In Au­gust 2010, Google worked with Ve­r­i­zon to de­vel­op a frame­work for what net-neut­ral­ity reg­u­la­tions should look like. It’s not un­usu­al for lead­ing stake­hold­ers to sit down and ham­mer out an agree­ment that every­one can live with.

But lib­er­al ad­voc­ates were out­raged that Google had agreed to a weak pro­pos­al that wouldn’t even cov­er In­ter­net ser­vice on cell phones. Google and Ve­r­i­zon were “at­tack­ing the In­ter­net while claim­ing to pre­serve it,” a co­ali­tion of ad­vocacy groups said in a state­ment.

Later that year, the FCC en­acted net-neut­ral­ity reg­u­la­tions that largely mirrored the Google-Ve­r­i­zon agree­ment. It was hard for lib­er­als to press the FCC for any­thing stronger when the lead cor­por­ate sup­port­er for net neut­ral­ity had already signed on to a weak­er pro­pos­al. Google had vi­ol­ated its own “Don’t Be Evil” motto, act­iv­ists felt.

An­oth­er reas­on that Google is quieter on net neut­ral­ity this time might be that the is­sue is just less im­port­ant to its busi­ness. It’s no longer as vul­ner­able to broad­band pro­viders ma­nip­u­lat­ing In­ter­net traffic be­cause it’s in­volved in more than just on­line ser­vices. Google now makes phones, tab­lets, smoke de­tect­ors, and — even­tu­ally — self-driv­ing cars and com­pu­ter­ized glasses. The com­pany has even be­come its own broad­band pro­vider in a few areas with Google Fiber.

The com­pany is also so large that pay­ing off a broad­band pro­vider for faster ser­vice would prob­ably not make much of a dent in its bot­tom line.

Google still sup­ports net neut­ral­ity — just not as loudly as it did in 2010. It was one of dozens of com­pan­ies to sign a let­ter in May warn­ing that the FCC’s new pro­pos­al posed “a grave threat to the In­ter­net.” It’s a mem­ber of the In­ter­net As­so­ci­ation, a lob­by­ing group that filed com­ments ur­ging the FCC to ad­opt strong rules.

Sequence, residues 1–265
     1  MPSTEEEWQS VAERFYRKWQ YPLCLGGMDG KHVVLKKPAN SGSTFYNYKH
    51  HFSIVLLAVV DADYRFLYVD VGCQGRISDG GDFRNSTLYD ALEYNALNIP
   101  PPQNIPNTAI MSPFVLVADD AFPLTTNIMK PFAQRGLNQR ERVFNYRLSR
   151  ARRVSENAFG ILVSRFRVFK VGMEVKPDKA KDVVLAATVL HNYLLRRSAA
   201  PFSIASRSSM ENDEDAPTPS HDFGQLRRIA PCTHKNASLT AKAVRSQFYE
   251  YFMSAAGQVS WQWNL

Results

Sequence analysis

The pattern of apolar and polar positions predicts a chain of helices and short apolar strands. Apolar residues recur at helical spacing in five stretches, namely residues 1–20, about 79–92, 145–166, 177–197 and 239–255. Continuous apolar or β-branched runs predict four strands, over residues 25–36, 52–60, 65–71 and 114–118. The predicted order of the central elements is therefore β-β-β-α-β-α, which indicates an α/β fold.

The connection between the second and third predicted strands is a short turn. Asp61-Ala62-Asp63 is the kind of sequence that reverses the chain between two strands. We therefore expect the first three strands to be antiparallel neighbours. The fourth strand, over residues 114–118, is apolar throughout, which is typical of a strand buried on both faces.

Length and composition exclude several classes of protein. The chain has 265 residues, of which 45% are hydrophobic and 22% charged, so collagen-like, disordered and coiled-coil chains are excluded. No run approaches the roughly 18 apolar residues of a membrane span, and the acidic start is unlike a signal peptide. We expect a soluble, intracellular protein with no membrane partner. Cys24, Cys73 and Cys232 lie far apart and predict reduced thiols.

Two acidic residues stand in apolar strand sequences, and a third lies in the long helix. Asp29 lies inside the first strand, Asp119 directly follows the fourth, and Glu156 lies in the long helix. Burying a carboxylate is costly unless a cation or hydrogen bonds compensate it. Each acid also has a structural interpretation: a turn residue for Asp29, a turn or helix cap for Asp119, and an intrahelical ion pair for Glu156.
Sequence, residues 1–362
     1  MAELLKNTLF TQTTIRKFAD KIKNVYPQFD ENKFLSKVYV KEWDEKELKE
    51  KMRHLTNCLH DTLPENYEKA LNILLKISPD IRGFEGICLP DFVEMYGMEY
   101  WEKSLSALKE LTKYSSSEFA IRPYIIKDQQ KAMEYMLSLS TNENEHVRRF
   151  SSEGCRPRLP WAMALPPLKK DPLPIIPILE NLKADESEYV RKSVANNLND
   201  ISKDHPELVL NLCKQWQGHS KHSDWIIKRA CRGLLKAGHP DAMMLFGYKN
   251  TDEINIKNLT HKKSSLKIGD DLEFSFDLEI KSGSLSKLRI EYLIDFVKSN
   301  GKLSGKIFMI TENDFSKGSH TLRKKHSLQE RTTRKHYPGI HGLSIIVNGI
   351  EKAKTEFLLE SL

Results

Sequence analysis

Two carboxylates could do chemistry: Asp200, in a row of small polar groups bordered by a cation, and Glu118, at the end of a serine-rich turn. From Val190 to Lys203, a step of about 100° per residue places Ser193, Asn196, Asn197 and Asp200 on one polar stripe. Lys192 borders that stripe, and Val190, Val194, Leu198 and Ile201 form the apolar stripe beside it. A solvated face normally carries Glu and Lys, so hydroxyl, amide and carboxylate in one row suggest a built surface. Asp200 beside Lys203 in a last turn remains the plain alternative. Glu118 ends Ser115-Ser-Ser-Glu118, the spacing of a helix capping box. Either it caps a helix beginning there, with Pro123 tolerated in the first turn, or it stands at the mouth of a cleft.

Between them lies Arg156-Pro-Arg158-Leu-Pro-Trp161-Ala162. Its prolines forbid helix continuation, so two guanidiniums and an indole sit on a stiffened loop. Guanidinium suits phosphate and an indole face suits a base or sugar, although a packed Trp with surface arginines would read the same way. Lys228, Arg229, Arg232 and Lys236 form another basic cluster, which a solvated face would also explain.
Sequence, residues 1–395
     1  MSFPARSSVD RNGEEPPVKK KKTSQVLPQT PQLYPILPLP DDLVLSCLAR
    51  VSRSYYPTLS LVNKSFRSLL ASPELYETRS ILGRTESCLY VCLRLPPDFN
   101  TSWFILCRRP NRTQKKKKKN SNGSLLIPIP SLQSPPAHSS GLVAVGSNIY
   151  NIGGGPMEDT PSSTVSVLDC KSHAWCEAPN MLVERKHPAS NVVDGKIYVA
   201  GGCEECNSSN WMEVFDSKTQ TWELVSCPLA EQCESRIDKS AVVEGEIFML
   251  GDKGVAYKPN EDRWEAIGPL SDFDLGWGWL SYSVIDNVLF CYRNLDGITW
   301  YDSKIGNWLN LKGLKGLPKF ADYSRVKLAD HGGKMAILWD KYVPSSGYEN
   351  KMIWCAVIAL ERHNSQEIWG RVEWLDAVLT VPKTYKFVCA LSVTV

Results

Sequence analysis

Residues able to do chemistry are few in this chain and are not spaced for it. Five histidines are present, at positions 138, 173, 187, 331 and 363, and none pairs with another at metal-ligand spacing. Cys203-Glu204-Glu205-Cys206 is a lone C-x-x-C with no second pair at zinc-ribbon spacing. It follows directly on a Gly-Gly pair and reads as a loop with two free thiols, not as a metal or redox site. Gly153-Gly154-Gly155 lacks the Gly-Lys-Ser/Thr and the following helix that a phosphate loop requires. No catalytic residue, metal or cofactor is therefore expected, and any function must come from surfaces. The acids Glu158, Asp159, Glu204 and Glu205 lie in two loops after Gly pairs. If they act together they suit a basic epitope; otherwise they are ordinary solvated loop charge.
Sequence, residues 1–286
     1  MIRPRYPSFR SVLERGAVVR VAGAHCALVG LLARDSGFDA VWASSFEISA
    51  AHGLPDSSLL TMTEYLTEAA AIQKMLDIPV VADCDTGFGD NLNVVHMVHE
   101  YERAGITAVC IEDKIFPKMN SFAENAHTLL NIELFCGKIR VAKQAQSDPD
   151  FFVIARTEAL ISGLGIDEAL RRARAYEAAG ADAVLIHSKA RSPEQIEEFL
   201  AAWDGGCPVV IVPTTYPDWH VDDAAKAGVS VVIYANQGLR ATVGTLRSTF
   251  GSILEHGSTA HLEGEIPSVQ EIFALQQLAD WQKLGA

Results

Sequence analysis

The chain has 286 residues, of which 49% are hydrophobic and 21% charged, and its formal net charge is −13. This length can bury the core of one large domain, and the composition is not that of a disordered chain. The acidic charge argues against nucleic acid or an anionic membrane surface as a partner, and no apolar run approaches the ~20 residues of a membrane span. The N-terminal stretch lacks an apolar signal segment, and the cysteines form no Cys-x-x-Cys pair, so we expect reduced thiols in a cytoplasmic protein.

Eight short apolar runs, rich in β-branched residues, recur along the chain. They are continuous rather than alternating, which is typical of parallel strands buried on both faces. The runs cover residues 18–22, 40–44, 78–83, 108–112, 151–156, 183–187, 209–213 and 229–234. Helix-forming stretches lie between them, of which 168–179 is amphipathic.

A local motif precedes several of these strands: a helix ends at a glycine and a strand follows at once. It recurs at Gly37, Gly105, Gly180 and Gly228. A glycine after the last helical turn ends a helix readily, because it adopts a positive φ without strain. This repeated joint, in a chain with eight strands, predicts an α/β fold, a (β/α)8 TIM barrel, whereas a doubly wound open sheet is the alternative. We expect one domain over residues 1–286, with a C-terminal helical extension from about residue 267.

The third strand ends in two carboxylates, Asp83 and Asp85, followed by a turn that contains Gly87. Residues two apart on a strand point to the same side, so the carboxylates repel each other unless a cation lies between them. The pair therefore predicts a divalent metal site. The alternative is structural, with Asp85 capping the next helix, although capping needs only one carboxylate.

When act­iv­ists and web­sites (in­clud­ing Net­flix) launched a protest last week over the is­sue, Google offered tep­id sup­port. The com­pany sent an email em­phas­iz­ing the im­port­ance of net neut­ral­ity to people who had signed up for its ad­vocacy alerts. But while oth­er web­sites dir­ec­ted users to a cent­ral protest page to help them con­tact the FCC and mem­bers of Con­gress, Google just sent users to its own Face­book page.

This year, Net­flix has re­placed Google as the lead­ing cor­por­ate voice on net neut­ral­ity.

Un­like Google, Net­flix is en­tirely de­pend­ent on its on­line videos. If a broad­band pro­vider slowed down Net­flix traffic, videos could be­come grainy and un­watch­able, and the com­pany could lose sub­scribers in droves.

Ac­cord­ing to FCC of­fi­cials who have met with Net­flix’s lob­by­ists, the com­pany has been among the most ag­gress­ive ad­voc­ates for ex­pans­ive net-neut­ral­ity rules. “They’re scream­ing their heads off,” one of­fi­cial said.

Google, however, has rarely dis­cussed the is­sue at the agency, ac­cord­ing to a re­view of pub­lic re­cords.

Net­flix is also try­ing to mo­bil­ize its massive user base to push the is­sue. As part of last week’s protest, the com­pany dis­played a sym­bol­ic load­ing icon on its site to warn users what the In­ter­net would be like without net neut­ral­ity.

Net­flix CEO Reed Hast­ings has been par­tic­u­larly out­spoken on the is­sue. “To en­sure the In­ter­net re­mains hu­man­ity’s most im­port­ant plat­form for pro­gress, net neut­ral­ity must be de­fen­ded and strengthened,” Hast­ings wrote in a blog post earli­er this year.

While Google and oth­er com­pan­ies sup­port net neut­ral­ity rules, Net­flix is one of the few that is ac­tu­ally push­ing the FCC to reg­u­late broad­band pro­viders us­ing the same leg­al clas­si­fic­a­tion it uses for phone com­pan­ies. The FCC needs to rely on a stronger leg­al au­thor­ity if it wants to en­sure the rules don’t just get struck down in court again, Net­flix and the In­ter­net act­iv­ists ar­gue. Re­pub­lic­ans and broad­band pro­viders, however, fear that util­ity-style reg­u­la­tion would stifle the in­dustry.